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The teamwork behind the hat-trick

The Tampa City Council paused Thursday to honor Jim Shimberg, who leaves the city attorney's office next week to become executive vice president and general counsel of the Tampa Bay Lightning's parent company.

Council members heaped praise on Shimberg for being accessible and candid, with Yvonne Yolie Capin saying, "the Lightning has scored a hat-trick in acquiring your talents."

Shimberg said it was really all the doing of his staff, but a comment from Council member Mary Mulhern suggested that he brought an unusual degree to diplomacy to the job, too.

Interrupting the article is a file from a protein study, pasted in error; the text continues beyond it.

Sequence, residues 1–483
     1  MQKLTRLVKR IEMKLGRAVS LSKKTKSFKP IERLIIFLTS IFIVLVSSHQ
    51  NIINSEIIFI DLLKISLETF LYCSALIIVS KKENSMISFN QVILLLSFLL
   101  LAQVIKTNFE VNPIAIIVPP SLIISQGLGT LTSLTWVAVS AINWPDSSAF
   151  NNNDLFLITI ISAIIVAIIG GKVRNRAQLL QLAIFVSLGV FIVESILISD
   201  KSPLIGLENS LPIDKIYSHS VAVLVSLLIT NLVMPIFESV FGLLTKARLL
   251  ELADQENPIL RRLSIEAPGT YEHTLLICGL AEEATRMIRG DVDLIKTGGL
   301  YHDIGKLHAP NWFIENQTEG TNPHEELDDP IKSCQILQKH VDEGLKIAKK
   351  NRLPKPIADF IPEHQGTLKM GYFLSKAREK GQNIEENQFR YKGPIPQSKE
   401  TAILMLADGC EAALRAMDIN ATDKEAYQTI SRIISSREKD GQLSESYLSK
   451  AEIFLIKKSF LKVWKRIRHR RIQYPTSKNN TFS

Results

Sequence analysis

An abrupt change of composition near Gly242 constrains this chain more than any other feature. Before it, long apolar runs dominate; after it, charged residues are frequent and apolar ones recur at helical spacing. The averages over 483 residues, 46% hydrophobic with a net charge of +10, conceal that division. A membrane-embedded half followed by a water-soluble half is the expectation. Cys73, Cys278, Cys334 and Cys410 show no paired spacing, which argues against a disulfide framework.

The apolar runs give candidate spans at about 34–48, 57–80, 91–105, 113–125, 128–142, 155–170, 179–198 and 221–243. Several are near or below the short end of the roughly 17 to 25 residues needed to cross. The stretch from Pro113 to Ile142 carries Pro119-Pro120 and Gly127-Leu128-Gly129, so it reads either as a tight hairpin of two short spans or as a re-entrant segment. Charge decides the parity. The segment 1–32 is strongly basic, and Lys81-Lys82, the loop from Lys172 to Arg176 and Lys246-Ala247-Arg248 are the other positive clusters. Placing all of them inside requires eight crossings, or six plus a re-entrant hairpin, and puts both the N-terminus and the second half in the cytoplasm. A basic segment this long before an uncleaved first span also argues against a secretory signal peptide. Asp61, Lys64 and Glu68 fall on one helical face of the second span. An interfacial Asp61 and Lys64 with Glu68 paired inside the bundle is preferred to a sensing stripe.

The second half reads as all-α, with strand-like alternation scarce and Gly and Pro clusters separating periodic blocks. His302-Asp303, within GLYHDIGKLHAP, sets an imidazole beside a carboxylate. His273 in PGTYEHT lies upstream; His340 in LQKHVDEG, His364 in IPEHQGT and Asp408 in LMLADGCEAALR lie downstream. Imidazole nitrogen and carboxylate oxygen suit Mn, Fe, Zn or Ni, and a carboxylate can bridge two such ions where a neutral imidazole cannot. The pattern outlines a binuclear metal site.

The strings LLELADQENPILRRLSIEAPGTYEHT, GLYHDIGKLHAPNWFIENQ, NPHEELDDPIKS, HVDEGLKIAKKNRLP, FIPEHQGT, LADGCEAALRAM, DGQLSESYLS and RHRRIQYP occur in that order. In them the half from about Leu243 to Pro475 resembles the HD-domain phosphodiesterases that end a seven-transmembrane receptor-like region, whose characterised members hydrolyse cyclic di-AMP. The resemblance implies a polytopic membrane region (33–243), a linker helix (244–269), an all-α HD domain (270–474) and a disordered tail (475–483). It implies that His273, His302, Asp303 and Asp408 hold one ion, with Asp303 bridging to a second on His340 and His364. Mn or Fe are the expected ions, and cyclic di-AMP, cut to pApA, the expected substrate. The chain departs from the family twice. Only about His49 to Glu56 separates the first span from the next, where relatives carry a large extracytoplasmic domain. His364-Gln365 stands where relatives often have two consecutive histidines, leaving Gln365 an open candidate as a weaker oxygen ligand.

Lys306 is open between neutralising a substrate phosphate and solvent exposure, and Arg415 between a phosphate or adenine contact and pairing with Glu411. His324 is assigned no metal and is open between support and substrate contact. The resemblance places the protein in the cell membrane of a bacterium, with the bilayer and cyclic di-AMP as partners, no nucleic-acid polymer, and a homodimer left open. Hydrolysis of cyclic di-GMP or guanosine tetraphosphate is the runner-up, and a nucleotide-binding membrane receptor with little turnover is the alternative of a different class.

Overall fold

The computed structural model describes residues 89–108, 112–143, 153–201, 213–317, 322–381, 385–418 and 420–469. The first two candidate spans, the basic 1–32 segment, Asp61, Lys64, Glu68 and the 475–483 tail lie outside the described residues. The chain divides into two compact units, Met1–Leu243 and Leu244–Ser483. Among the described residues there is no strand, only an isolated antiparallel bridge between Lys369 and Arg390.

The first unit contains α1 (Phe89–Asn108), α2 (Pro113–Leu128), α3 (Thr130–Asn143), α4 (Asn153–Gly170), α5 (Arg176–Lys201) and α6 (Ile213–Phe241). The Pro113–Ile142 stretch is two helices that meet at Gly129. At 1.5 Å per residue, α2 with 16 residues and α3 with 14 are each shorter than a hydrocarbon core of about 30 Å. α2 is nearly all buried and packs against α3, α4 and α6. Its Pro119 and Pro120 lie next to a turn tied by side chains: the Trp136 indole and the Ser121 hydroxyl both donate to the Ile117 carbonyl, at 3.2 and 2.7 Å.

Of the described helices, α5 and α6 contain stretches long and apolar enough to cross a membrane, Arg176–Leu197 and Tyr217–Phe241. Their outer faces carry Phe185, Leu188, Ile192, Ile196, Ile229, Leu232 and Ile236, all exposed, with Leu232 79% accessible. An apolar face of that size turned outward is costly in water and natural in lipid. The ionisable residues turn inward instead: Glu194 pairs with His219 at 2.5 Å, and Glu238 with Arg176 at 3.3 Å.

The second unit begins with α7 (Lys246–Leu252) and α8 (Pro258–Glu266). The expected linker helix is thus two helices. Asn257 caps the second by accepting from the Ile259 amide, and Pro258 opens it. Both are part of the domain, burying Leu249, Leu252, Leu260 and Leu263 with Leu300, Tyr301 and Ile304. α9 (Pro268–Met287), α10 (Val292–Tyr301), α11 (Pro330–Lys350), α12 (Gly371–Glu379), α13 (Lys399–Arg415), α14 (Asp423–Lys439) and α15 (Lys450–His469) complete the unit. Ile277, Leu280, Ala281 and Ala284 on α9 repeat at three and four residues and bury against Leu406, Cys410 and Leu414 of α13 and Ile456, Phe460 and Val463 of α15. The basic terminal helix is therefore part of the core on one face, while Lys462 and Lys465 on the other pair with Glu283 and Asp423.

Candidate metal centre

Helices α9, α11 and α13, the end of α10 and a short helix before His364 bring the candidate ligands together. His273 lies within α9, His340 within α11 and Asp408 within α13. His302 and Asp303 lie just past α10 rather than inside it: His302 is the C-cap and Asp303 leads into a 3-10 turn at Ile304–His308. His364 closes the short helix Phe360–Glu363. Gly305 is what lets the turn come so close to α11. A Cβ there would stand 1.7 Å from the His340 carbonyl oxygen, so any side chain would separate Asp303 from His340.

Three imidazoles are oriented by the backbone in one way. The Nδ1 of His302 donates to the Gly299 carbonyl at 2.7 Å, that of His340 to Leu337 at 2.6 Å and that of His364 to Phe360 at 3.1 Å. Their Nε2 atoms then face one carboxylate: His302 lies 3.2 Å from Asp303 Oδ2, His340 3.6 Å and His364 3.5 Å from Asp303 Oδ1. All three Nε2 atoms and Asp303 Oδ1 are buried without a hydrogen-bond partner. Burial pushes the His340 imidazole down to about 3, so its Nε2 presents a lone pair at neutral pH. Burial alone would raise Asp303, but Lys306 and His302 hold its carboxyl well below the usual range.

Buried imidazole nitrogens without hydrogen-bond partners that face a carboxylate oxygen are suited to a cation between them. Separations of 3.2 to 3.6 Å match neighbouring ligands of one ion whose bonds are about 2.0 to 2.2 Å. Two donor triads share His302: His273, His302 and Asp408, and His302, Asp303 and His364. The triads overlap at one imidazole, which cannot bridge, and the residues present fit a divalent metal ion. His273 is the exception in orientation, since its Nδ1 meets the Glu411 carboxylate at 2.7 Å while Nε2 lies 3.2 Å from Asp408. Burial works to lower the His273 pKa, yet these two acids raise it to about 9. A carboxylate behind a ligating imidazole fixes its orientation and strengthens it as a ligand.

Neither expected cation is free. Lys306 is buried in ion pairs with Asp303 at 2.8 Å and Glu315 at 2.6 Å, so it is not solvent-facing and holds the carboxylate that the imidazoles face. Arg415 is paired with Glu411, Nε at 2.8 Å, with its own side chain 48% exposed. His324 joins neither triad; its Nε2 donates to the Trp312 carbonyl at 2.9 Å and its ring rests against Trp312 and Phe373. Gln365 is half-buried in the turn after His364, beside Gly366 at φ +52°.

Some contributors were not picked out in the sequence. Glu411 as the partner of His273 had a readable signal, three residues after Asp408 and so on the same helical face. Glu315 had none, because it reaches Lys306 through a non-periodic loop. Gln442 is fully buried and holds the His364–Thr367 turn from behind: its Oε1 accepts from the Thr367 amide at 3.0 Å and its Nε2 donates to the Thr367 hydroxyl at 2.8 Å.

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In Tampa's strong-mayor form of government, the charter gives the council the authority to confirm department directors and approve contracts and budget appropriations, but the council has virtually no say beyond that in how City Hall is run. With that built-in imbalance of power, it's not unheard of for an adversarial relationship to emerge between the administration and the council. But while Mulhern has disagreed with Mayor Bob Buckhorn's administration on some high-profile issues, such as buying surveillance cameras for the Republican National Convention (and keeping them afterwards), consider what she told Shimberg:

"Unlike other city attorneys at times, I've never felt that you were opposing council."